High school students welding
Abigail Burrola

It’s an alarming statistic. Even though more than 90 percent of Missouri high school students graduate, the Department of Elementary and Secondary Education (DESE) reports that just 42.5 percent (page 4) are prepared for college or a career after graduation. For students headed to college, this lack of preparation can lead to a rude awakening. But students who are interested in a career that does not require a traditional college degree also face problems when their high school education doesn’t teach them the skills they need to make themselves attractive to employers

Hundreds of career and technical education (CTE) programs across Missouri offer practical training in fields such as agriculture, business, health care, culinary arts, construction, computer science, and others. In many cases, students who complete the required coursework are issued certificates to that effect. But a school-issued certificate alone isn’t always enough to ensure students can access the workforce; they need credentials that carry weight with employers in the world beyond school.

Private-sector employers have everything to gain by ensuring that new graduates are ready to start work right away. That’s why many professional associations issue their own industry-recognized credentials (IRCs), such as Certified Nursing Assistant (CNA) or Automotive Service Excellence (ASE) certification. CTE students don’t have to take IRC exams to graduate, but passing an exam can save students time and money at the outset of their careers. For example, a CNA certificate that could be earned as part of a student’s high school coursework might otherwise require about 5 months of coursework and several hundred dollars in tuition at a community college.

To promote IRC attainment among high school students, several states have begun offering teachers bonus pay for every student of theirs who passes an IRC exam. For example, for every student who leaves high school ASE certified, the auto shop teacher might receive $25 to $50.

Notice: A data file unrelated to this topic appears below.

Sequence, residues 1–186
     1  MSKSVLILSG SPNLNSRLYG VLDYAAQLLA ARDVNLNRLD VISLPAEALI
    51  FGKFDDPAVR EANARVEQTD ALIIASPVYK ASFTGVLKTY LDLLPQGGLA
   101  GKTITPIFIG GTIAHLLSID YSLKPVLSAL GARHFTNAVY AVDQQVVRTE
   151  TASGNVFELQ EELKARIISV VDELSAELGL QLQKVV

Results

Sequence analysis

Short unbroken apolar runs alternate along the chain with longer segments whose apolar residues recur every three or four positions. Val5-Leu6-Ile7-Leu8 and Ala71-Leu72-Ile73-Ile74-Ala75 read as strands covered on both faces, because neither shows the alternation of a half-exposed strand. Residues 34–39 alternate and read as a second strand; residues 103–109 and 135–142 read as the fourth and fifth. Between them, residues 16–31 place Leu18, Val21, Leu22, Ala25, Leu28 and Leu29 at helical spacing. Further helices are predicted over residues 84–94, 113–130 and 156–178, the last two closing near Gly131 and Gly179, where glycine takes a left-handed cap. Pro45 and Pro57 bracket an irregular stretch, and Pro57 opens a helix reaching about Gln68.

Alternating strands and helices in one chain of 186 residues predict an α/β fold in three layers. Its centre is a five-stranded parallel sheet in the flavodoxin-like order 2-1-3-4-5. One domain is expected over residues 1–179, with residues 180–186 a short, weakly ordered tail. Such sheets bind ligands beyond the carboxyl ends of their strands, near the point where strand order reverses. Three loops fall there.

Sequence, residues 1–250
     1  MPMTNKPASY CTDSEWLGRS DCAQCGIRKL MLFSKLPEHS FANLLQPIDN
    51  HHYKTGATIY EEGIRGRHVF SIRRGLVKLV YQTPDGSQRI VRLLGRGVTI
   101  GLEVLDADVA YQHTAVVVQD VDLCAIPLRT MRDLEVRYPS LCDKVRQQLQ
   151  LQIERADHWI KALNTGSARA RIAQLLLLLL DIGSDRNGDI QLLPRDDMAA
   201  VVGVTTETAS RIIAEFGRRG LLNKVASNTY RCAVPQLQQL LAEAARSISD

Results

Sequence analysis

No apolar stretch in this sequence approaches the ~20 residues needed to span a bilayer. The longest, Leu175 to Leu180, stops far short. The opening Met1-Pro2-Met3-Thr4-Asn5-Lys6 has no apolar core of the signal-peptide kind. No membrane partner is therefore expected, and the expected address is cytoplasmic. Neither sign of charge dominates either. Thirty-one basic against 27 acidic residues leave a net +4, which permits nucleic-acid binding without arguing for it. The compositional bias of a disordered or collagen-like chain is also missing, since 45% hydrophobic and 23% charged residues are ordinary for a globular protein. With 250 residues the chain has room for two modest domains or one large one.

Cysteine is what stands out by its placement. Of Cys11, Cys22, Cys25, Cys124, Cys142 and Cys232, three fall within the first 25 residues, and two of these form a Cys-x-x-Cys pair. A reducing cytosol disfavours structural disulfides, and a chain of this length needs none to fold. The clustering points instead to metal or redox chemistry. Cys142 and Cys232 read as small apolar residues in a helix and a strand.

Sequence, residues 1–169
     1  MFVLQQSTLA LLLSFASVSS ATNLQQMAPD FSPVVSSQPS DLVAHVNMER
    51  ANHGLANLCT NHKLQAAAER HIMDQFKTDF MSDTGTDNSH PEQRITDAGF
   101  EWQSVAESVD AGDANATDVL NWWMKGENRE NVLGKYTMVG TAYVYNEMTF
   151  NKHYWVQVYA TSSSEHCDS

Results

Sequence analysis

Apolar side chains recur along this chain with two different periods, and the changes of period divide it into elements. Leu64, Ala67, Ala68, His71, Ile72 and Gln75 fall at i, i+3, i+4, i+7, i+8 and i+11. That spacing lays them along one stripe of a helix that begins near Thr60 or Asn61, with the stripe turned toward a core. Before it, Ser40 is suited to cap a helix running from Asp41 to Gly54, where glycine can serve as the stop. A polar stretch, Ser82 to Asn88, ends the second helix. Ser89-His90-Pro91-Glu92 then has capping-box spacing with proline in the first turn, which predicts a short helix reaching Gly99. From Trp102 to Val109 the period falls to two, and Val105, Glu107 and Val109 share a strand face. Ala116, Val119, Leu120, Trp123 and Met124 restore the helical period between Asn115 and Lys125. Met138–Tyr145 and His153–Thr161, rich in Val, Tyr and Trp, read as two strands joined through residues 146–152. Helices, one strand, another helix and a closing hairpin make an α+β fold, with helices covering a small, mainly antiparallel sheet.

Linking teacher bonuses to IRCs has boosted student IRC attainment in states that have adopted the policy. For example, Florida awards a $50 bonus to a teacher for each student who earns an IRC after taking a course that could earn them college credit in the relevant subject, and $25 for each student who earns an IRC after taking only high-school–level classes. IRC attainment has grown from 803 graduates in 2008 to over 86,000 in 2017.

Similarly, since offering CTE teachers bonus pay when students earn IRCs, North Carolina has seen a 53 percent growth in five years. In the 2016–2017 school year, over 160,000 IRCs were earned. By comparison, there were 8,566 IRCs earned in Missouri the same year (according to information provided by DESE), meaning that Missouri has plenty of room for improvement. Unbelievably, just six high school students passed the Masonry IRC exam and just five passed the Construction IRC exam in Missouri last year.

More students getting IRCs could create a stronger workforce for our state. Other states are finding creative ways to make this happen—shouldn’t Missouri?

About the Author

Abigail Burrola

Abigail Burrola graduated from Azusa Pacific University with a bachelor’s degree in political science in 2018.